The internet can be indescribably awesome sometimes. This is one of those times. A recent thread posted at the Civil War Talk message board informed readers that Douglas Southall Freeman’s classic four volume biography of Robert E. Lee is online in its entirety, free, indexed, and searchable. All 4 volumes. All 2421 pages. Simply amazing.
If you know, like I do, that the first edition by Charles Scriber’s Sons was published in 1934, then you’re probably wondering how this is legal. The bottom of the linked page above states the following:
The original edition, in four volumes, Charles Scribner’s Sons, New York and London, 1934.
It is now in the public domain pursuant to the 1978 revision of the U. S. Copyright Code, since the copyright was not renewed at the appropriate time. (Details here on the copyright law involved.)
So the copyright is not being violated and the text is in the public domain. Good deal. Reading further, I was amazed again to see that Bill Thayer, who seems to be the kind and dedicated soul behind this project, transcribed the whole thing without using OCR. As someone who has transcribed hundreds of newspaper articles for my Siege of Petersburg site, I can’t even imagine the amount of time this took:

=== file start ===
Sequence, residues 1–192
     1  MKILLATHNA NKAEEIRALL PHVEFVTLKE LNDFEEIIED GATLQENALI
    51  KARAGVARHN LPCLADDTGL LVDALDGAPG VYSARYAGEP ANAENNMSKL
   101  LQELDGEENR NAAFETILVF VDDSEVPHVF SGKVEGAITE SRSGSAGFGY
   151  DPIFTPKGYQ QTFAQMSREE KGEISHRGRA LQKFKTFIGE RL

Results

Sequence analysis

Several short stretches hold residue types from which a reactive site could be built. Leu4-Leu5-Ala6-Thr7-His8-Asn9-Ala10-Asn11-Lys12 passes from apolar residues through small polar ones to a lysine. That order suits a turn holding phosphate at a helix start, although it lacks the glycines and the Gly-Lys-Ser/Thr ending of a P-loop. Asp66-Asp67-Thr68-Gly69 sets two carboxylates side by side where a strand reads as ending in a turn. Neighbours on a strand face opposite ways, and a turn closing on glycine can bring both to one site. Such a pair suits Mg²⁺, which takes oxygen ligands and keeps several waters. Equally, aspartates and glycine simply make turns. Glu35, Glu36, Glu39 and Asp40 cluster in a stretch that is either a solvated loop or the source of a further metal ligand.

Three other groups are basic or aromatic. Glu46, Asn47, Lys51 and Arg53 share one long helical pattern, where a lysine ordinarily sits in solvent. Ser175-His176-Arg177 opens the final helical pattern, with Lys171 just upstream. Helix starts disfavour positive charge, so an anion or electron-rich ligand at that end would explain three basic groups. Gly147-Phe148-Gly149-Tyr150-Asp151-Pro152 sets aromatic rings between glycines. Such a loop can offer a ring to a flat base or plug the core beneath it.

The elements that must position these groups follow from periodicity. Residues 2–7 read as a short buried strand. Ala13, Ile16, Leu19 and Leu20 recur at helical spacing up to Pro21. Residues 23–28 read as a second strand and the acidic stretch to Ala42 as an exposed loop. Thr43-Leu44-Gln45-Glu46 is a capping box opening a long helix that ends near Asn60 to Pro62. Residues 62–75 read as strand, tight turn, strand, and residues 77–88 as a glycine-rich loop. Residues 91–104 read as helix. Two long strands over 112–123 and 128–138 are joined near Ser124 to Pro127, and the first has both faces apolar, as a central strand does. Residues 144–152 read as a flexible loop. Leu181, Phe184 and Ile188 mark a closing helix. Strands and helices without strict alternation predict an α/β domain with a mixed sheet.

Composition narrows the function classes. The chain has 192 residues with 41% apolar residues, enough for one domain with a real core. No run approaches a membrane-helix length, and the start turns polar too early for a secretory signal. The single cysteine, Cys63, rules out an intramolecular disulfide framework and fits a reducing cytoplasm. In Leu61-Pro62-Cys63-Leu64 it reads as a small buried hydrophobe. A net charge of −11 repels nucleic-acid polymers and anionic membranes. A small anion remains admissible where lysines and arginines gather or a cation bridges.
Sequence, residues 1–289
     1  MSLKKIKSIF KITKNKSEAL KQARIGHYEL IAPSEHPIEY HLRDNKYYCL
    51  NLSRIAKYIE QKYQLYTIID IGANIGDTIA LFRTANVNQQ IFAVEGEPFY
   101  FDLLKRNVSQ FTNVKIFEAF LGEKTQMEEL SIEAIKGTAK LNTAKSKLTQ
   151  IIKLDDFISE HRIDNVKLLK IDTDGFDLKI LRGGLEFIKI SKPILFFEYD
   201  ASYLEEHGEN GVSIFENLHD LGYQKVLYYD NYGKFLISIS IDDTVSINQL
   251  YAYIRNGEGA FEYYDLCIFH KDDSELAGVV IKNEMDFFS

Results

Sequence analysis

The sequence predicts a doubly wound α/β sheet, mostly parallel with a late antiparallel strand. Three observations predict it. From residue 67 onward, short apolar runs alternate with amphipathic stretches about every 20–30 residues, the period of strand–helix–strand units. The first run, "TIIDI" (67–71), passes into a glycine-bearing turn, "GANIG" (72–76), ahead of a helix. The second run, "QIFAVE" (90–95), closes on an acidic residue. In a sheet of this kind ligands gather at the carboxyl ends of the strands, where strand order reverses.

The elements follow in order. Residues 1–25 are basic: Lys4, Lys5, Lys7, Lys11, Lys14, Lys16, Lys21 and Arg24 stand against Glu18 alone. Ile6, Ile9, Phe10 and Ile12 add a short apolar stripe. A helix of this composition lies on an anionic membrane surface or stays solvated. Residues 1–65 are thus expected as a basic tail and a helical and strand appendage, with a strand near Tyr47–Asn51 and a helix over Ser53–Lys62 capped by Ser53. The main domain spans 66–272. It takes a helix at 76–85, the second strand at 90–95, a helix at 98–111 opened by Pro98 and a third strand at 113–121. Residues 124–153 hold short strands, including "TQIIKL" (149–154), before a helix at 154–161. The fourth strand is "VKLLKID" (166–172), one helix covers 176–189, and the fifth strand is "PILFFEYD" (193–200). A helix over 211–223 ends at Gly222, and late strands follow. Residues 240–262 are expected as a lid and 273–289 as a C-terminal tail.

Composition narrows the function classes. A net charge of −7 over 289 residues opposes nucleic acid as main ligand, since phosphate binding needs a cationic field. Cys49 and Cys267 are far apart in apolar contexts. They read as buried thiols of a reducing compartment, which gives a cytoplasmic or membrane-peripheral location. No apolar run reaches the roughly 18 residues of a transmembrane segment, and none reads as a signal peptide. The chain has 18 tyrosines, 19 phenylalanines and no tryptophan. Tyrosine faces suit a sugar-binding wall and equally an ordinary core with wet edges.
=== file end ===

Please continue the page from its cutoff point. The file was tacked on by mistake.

As almost always, I’m retyping the text by hand rather than scanning it — not only to minimize errors prior to proofreading, but as an opportunity for me to become intimately familiar with the work, an exercise which I heartily recommend: Qui scribit, bis legit. (Well-meaning attempts to get me to scan text, if successful, would merely turn me into some kind of machine: gambit declined.)
This transcription is being minutely proofread. I run a first proofreading pass immediately after entering each chapter, so that the text of all the chapters is quite good already. I then run a second proofreading, detailed and meant to be final: in the table of contents above, chapters the text of which I believe to be completely errorfree are shown on blue backgrounds; any red backgrounds indicate that the chapter has not received that second final proofreading: illustrations and notes may also be missing. The header bar at the top of each chapter page will remind you with the same color scheme.
The bottom line is, if you’re still reading this…why? Get over to Bill Thayer’s site and read Freeman’s massive classic biography of Robert E. Lee in its entirety. It won’t cost you anything but time…